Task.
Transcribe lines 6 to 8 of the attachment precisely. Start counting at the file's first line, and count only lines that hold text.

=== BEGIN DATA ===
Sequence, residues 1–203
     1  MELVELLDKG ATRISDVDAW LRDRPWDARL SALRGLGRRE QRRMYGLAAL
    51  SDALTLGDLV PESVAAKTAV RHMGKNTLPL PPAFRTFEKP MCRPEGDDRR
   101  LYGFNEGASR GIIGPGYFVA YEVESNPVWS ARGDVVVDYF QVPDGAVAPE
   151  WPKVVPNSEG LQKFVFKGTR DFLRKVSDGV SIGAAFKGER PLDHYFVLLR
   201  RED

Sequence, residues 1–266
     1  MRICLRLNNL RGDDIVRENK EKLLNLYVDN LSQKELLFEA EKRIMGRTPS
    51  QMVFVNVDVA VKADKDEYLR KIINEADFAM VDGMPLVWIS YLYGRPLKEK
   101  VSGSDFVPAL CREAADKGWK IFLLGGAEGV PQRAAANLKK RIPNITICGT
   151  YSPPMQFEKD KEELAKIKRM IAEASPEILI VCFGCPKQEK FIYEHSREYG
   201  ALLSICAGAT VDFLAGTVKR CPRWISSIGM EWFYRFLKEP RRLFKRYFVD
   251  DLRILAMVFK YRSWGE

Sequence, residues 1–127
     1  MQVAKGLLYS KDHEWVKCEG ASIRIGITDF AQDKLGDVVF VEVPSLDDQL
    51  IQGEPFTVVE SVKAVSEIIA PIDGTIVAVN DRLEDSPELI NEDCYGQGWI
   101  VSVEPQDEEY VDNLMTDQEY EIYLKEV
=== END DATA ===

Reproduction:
   201  RED

Sequence, residues 1–266
     1  MRICLRLNNL RGDDIVRENK EKLLNLYVDN LSQKELLFEA EKRIMGRTPS